commanders. I think maybe they'd been selected. Most of their commanders had been
Japanese trained, you know . . . But there wasn't anything wrong with the Korean
Marines. They did some of the best fighting that was done for us."5
On August 30, to prepare for the attack, the KMC regiment placed its 3rd Battalion
(3/KMC) on Hill 793 halfway between Yoke Ridge and Line Kansas. From here, this
battalion outposted one company at Wolsan-ryong, a mountain pass near Hill 755 (See
Map # 16).6
Two battalions of the 1st KMC were the assault battalions for the regiment for this
first attack and they jumped off in column of battalions from Hill 793, sweeping by
Wolsan-ryong to pickup the outpost company along the way. The 3rd Battalion KMC
(3/KMC) was to take Hill 924 (which it called Mao Tze Tung Hill to stoke its Marines to
greater aggressiveness and make them realize their honor was at stake) while 1/KMC
passed beyond 924 to assail 1026 (called Kim II Sung Hill by the Korean Marines). Their
biggest troubles in the way of resistance shortly proved to be mine fields.7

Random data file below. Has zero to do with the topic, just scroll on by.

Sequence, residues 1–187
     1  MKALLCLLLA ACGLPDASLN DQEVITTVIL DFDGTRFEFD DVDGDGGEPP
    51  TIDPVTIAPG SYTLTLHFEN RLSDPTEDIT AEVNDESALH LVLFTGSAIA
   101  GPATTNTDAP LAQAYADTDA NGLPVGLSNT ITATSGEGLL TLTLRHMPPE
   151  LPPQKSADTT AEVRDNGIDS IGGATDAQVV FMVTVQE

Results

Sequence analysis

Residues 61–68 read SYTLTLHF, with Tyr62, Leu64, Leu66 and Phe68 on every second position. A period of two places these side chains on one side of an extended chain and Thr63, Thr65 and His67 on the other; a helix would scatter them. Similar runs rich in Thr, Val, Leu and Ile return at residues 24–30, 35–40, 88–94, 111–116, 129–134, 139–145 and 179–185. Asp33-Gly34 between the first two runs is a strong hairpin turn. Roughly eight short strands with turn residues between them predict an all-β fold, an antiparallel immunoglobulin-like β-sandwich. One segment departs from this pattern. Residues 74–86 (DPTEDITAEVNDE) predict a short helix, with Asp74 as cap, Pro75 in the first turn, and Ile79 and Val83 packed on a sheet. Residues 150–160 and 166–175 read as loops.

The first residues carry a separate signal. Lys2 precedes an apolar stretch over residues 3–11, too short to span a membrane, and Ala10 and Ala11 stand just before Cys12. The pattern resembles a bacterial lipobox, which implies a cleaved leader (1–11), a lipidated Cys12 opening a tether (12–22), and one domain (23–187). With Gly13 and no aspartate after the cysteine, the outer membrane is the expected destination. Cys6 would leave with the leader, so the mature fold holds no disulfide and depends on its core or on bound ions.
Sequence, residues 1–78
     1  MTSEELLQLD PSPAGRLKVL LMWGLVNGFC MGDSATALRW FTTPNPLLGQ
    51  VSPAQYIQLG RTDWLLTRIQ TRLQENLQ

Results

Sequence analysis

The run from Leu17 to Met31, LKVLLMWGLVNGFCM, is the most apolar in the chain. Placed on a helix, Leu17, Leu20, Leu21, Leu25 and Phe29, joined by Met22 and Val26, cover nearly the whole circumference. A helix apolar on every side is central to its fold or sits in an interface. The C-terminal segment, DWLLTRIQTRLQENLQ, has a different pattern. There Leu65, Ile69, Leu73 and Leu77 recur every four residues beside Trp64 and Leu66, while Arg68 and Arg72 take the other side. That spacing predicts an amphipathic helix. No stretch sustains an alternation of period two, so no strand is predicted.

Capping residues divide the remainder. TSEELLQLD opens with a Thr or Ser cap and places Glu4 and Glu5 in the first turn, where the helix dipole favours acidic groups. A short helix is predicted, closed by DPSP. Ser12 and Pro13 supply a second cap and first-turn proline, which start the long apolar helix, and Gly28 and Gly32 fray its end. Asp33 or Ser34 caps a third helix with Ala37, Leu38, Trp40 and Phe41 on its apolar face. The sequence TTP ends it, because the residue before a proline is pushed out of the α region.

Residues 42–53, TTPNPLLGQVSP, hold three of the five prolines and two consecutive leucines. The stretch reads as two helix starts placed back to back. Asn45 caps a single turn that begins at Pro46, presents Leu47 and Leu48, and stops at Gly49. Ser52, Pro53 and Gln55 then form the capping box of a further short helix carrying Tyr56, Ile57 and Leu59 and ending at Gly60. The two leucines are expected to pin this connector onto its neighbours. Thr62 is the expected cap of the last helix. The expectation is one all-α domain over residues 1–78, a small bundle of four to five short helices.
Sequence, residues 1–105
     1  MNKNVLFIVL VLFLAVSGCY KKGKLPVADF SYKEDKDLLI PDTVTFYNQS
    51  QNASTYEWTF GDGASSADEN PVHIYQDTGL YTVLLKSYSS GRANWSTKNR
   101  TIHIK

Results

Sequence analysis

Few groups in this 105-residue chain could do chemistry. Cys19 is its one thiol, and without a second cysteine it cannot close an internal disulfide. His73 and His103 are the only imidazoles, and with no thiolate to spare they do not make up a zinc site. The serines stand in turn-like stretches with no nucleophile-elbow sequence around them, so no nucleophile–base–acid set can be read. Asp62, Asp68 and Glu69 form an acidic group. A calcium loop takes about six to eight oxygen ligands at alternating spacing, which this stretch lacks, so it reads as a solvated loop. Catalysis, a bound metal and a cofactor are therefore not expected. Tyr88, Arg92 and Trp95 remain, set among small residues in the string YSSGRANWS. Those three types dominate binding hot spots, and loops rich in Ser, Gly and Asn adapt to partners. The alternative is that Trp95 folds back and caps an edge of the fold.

Ralph B. Steele described his unit's encounter with these later in the battle:
We come off this main stream and start up a little narrow path, and the word
comes down we're finding mines.., but they got a guy up ahead, some
volunteer with a bayonet is probing in this rocky path, and when they find a mine
they take the ass wipe out of the C rations and they make a flag out of it and stick
it where the mine is.... They're only showing you the mines they find. There
might be other mines there . . . I stepped exactly where the guy in front of me
stepped. So [we had] to keep calling constantly . . . "hold the interval, hold the
interval. So I'm stepping right where he steps then they said take five and don't
get off the path. Squat right where you are . . . So in the meantime they've been
trying to get mortar rounds into this real narrow ravine, but the rounds are coming
over and they couldn't wiggle them in there. They were detonating on the bank
s Gerald C. Thomas Oral Memoir, 872-73.
6 Korean Institute of Military History, Korean War, Vol. 3, 151.
7 Korean Institute of Military History, Korean War, Vol. 3, 260-61.; 1st Mar Div, "Historical Diary," August
1951, 7-8. Korean Marines had more than just honor at stake in the fight, however, for if they were
captured by the NKPA they could expect only a swift execution by pistol-shot to the back of the head.
Montandon, Joshua W. Battle for the Punchbowl: The U. S. 1st Marine Division 1951 Fall Offensive of the Korean War. Denton, Texas. UNT Digital Library. http://digital.library.unt.edu/ark:/67531/metadc3938/. Accessed July 10, 2014.